Arts & Culture » Culture

LGBT leading lights

by Roberto Friedman

Marga Gomez's "Latin Standards," the loving, funny, and true story of life with her Cuban showman father, plays The Marsh Berkeley. Photo: Fabian Echevarria
Marga Gomez's "Latin Standards," the loving, funny, and true story of life with her Cuban showman father, plays The Marsh Berkeley. Photo: Fabian Echevarria  

Last week Out There was lucky enough to catch two major figures from contemporary LGBT arts & culture live in performance, and to learn what they're up to these days. Lesbian comic nonpareil Marga Gomez brought her latest, and self-described last, solo show to The Marsh Berkeley, and transgenre vocal artist Justin Vivian Bond headlined the GLBT Historical Society's annual Gala, unfolding in the posh setting of the War Memorial Building's Green Room.
Gomez's "Latin Standards" tells the true story of her relationship with her father, the Cuban-American showman, comedian, producer, entrepreneur, and composer Willy Chevalier. She uses the framing device of a "final farewell concert" to offer a few of his popular ballads — not sung, but hilariously expounded upon — and give the back-story of life with her performer parents in 1960s Manhattan. Though he was clearly a character, Gomez portrays her father with tenderness, empathy and nuance.
Marga being Marga, we also get to hear dishy stories from her adult life, from dealing with a terminally blonde girlfriend to putting on a weekly comedy show at the late, lamented gay Latino club Esta Noche in the years before it succumbed to the rapidly gentrifying Mission District. In these tales of show biz and the "creative addiction" they both share, Gomez proves that she's still her father's daughter, as much of a "showman" as he ever was. Directed by David Schweizer, "Latin Standards" plays The Marsh Berkeley through Nov. 17. Tickets: www.themarsh.org.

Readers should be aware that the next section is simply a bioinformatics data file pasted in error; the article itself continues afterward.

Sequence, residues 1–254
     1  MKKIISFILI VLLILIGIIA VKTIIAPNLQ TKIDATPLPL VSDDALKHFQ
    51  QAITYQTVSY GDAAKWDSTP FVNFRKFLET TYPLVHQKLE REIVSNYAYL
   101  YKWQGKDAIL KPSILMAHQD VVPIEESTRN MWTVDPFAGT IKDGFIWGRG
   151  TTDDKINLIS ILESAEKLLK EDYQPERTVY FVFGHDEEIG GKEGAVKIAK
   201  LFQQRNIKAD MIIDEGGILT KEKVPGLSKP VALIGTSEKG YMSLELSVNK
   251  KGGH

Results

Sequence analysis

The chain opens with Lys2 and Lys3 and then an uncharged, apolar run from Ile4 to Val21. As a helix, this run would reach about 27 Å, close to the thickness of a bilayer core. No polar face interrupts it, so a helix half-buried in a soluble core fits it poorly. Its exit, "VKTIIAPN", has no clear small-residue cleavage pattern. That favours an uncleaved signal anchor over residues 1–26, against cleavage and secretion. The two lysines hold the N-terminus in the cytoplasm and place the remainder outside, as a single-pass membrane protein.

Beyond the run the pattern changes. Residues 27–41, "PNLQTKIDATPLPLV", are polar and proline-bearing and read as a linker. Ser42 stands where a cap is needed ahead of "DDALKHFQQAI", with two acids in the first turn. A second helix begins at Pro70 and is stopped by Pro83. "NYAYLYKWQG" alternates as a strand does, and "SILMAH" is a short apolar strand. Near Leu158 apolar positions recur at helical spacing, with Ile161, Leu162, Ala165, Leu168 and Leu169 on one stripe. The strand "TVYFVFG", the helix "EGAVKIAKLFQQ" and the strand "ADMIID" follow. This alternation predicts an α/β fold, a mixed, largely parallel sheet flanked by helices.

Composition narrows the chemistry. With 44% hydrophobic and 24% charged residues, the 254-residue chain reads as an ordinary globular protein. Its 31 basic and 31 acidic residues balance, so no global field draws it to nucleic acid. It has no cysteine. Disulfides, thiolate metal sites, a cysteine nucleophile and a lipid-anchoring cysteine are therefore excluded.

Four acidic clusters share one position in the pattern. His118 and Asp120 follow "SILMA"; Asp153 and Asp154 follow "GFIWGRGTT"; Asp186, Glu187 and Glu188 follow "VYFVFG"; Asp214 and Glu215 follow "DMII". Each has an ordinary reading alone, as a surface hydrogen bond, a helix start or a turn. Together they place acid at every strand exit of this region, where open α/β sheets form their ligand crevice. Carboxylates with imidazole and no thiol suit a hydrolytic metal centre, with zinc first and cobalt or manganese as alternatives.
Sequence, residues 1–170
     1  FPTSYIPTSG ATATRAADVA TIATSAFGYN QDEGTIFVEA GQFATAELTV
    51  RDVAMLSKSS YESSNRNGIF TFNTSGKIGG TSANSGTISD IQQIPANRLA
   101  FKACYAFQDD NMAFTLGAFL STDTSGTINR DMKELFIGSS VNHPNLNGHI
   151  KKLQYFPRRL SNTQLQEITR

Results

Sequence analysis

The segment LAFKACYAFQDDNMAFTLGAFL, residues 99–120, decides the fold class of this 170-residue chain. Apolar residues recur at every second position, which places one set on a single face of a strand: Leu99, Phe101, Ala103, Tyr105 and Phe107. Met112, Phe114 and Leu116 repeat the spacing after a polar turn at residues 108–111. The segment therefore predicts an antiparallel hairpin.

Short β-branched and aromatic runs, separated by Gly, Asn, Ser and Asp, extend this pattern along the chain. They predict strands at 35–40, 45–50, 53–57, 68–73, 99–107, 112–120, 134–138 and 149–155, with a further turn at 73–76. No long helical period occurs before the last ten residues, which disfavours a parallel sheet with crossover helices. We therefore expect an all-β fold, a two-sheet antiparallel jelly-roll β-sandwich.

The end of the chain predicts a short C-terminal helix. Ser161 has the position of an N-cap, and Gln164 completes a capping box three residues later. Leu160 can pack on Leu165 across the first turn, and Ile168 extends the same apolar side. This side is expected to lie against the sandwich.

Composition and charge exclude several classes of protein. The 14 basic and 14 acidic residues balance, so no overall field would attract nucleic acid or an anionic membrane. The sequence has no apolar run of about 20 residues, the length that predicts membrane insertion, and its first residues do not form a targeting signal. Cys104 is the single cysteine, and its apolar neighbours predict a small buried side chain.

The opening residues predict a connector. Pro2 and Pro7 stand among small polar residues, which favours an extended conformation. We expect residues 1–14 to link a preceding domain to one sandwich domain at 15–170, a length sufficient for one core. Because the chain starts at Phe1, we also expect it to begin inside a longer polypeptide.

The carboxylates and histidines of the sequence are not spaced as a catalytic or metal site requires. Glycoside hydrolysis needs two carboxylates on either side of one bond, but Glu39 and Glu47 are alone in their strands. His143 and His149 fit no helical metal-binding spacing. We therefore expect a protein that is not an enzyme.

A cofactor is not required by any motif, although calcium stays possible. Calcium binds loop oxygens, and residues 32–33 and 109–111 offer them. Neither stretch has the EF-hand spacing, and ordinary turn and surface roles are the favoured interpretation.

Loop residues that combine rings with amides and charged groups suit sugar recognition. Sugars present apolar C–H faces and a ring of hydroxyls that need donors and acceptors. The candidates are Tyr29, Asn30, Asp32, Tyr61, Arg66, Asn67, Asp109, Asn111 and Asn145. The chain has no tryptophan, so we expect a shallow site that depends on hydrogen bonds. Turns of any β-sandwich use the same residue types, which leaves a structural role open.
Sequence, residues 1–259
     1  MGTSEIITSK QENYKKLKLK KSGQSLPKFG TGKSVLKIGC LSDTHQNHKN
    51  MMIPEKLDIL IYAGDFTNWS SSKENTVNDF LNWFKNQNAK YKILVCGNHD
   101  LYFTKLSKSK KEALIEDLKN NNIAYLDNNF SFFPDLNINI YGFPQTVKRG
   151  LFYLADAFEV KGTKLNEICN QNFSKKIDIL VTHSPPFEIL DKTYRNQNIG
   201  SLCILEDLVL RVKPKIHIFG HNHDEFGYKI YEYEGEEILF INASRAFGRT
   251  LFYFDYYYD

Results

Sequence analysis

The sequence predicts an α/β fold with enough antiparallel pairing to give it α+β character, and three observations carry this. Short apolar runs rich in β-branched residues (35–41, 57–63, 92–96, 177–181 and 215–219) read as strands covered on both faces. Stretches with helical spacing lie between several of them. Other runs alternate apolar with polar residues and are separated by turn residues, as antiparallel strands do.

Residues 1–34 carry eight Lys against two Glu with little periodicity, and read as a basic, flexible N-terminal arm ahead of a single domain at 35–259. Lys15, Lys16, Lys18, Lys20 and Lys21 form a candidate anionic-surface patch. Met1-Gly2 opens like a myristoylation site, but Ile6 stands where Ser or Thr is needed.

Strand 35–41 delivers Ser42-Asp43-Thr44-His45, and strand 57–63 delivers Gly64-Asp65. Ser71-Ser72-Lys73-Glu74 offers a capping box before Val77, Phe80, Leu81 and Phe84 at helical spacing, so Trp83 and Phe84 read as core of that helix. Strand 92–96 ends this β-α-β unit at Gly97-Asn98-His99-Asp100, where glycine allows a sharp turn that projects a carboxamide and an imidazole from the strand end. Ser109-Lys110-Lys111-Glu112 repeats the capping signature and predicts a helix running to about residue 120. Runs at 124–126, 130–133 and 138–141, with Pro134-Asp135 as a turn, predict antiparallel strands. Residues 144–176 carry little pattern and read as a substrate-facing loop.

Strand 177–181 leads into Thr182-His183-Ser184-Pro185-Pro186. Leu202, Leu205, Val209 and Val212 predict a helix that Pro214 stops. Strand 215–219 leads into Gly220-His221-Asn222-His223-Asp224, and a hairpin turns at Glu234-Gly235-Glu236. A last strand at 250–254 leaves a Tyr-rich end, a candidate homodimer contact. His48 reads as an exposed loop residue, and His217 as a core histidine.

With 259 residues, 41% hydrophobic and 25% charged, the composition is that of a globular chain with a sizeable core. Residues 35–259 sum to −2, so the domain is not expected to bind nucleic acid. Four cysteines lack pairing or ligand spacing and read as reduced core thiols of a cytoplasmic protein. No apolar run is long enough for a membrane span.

Mx Bond does not possess the most dulcet set of pipes, but they (preferred pronoun) can sure sell a song! For their set at the Historical Society shindig, Bond looked elegant and soignee in a sparkly gold wrap and long blonde fall. Their patter and songs, accompanied by pianist David Sylkowski, were exactly right for their knowing fans: cabaret songbook, world-weary reflection, and early Bowie nostalgia.
The Gala honored community members who have helped make gay history. Bob Ross Foundation president Thomas Horn was given the Willie Walker Award; the San Francisco Gay Men's Chorus the History Makers Award; archivist Lisbet Tellefsen the Clio Award; and the late pioneering LGBTQ studies and human sexuality scholar Dr. John Paul De Cecco the honor of having the Historical Society's Archives named after him. Executive director Terry Beswick and Board Chair Tina Valentin Aguirre presided over it all and helped make the case for the GLBT Historical Society's continuing mission of preserving and presenting our history through archives and the museum. We feel historical already.

Marga Gomez's "Latin Standards," the loving, funny, and true story of life with her Cuban showman father, plays The Marsh Berkeley. Photo: Fabian Echevarria

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